# Thinking recursively

This sections looks at the concept of recursion and how it is used in different algorithms. It also covers the tracing of recursive algorithms.

## What is recursion?

Recursion is defined as “the repeated application of a recursive procedure or definition”. In computing this usually means the concept of a function or method calling itself repeatedly. This is used to accomplish repetitive tasks similar to a loop.

If this seems confusing, the following examples can help to illustrate the concept. You could also try a Google search for ‘recursion’. Not only will you find useful links, but also one of Google’s wonderful easter eggs. Figure 1: Google search for ‘recursion’

In a way, this is an example of recursion as the suggestion links back to exactly the same search.

### Why not use normal loops?

Usually algorithms implemented through recursion could also be implemented as loops. However, in many cases the recursive approach is easier and more intuitive. Recursion divides a problem into similar smaller subproblems until the smallest possible problem can be solved and results are carried back. The key here is that all subproblems are of the same type. See the following discussion on Stack Overflow for more information.

## 5.1.1 Identify a situation that requires the use of recursive thinking.

Some example problems where recursion can be used are mathematical fractals, such as the Koch snowflake, factorials, the Fibonacci series, the towers of Hanoi.

Let’s take a look at a simple mathematical series: triangular numbers. Let’s say we stack up some elements in a triangular form like this: Figure 2: Triangular numbers (Wikimedia: By Melchoir - Own work, CC BY-SA 3.0)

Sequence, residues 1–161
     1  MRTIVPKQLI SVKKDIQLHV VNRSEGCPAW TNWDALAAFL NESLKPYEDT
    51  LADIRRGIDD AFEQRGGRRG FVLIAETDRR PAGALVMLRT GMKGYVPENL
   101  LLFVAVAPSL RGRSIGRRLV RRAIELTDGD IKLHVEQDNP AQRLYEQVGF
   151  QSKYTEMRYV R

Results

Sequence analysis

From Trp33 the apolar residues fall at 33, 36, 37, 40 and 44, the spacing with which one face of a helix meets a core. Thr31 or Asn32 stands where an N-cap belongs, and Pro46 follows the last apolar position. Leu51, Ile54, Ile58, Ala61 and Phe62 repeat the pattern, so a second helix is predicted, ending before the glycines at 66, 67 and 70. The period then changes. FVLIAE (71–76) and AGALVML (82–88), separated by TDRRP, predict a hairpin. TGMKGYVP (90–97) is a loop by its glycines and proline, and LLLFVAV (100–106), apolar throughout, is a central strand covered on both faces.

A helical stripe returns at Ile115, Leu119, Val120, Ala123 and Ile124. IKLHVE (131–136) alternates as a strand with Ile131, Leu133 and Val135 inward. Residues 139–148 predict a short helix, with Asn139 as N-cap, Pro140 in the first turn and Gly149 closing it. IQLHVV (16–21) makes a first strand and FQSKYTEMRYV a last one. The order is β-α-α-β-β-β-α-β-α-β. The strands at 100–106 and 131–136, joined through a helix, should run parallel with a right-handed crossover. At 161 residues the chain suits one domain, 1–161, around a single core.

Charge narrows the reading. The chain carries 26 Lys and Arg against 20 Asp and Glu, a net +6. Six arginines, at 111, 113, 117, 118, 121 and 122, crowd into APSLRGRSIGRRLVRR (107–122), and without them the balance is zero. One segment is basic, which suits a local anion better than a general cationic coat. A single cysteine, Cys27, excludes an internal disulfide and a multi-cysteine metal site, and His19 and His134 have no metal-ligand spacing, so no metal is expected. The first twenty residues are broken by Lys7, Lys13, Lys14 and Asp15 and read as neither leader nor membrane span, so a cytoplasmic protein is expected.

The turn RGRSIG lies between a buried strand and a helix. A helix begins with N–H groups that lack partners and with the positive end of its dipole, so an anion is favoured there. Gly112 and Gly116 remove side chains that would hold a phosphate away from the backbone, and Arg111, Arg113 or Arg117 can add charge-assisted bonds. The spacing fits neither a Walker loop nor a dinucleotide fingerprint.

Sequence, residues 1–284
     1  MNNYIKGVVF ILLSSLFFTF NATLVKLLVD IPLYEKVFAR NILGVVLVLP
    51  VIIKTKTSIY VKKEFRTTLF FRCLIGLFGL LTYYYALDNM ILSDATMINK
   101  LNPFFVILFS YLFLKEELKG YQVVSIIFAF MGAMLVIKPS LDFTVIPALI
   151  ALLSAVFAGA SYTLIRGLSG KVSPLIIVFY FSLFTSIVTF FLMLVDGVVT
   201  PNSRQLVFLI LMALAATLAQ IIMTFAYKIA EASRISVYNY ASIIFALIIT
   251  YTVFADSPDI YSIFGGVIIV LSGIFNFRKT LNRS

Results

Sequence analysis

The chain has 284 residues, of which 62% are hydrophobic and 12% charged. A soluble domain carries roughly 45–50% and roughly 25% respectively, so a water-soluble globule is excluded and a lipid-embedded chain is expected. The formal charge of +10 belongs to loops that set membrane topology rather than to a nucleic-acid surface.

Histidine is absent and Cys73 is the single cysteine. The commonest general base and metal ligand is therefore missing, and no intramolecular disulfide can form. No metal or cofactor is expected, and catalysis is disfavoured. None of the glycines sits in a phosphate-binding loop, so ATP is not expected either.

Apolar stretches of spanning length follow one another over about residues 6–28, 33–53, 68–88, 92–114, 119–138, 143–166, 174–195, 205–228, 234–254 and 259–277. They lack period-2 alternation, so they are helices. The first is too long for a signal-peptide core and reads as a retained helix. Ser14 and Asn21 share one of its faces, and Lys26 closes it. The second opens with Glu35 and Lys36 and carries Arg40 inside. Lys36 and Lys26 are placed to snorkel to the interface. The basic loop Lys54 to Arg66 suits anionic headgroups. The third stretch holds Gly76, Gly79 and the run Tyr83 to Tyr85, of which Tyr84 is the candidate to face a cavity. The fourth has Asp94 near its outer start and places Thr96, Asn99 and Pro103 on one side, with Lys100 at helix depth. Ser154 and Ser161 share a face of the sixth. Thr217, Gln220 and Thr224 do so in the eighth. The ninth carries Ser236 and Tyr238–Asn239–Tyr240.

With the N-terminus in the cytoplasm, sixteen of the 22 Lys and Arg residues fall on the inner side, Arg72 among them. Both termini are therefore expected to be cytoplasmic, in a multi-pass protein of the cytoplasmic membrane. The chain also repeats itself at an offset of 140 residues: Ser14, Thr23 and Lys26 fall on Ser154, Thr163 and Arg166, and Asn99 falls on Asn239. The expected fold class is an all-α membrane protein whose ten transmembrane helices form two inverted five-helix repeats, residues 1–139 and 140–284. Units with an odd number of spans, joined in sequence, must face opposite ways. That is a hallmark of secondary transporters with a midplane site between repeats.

Now we only know how many rows we have and we want to find out what the number of elements is. In Figure 2 you can see that for 2 rows we have 3 elements, for 3 rows 6 elements, and so on.

Notice how in each row, starting from the top, the number of elements increases by one. If we start counting from the top, the n-th row will always have n elements, i.e. the second row has 2 elements and so on. This leads us to the following recursive code:

``````Function triangle(n){
if n = 1
then return 1
else
return n + triangle(n-1)
endif
}
``````

The function will keep calling itself with one row less, until it reaches n = 1, where the number of elements equals 1. The results is returned and added to the number of elements in the next row until all rows were considered.

## 5.1.2 Identify recursive thinking in a specified problem solution.

Recursion can be applied when a problem can be divided into smaller problems that are similar to the big problem itself. The best way to understand this, is to look at algorithms for some examples, such as the ones mentioned above.

A very common application of recursion in computer science is the traversal of binary trees, which will be covered in more detail later in topic 5.

## 5.1.3 Trace a recursive algorithm to express a solution to a problem.

When given an algorithm it is useful to be able to trace it in order to find the result it should give. This can be useful to check an algorithm for correctness as it is manually checked step for step.

Let’s trace the example algorithm for triangular numbers for 6 rows - triangle(6).

n return final returned value
6 6 + triangle(5) 6 + 15 = 21
5 5 + triangle(4) 5 + 10 = 15
4 4 + triangle(3) 4 + 6 = 10
3 3 + triangle(2) 3 + 3 = 6
2 2 + triangle(1) 2 + 1 = 3
1 1 1

The algorithm will keep calling itself until the base condition n = 1 is met and a value of 1 is returned. This is repeatedly added to the respective value of n until the value for triangle(6) is found.

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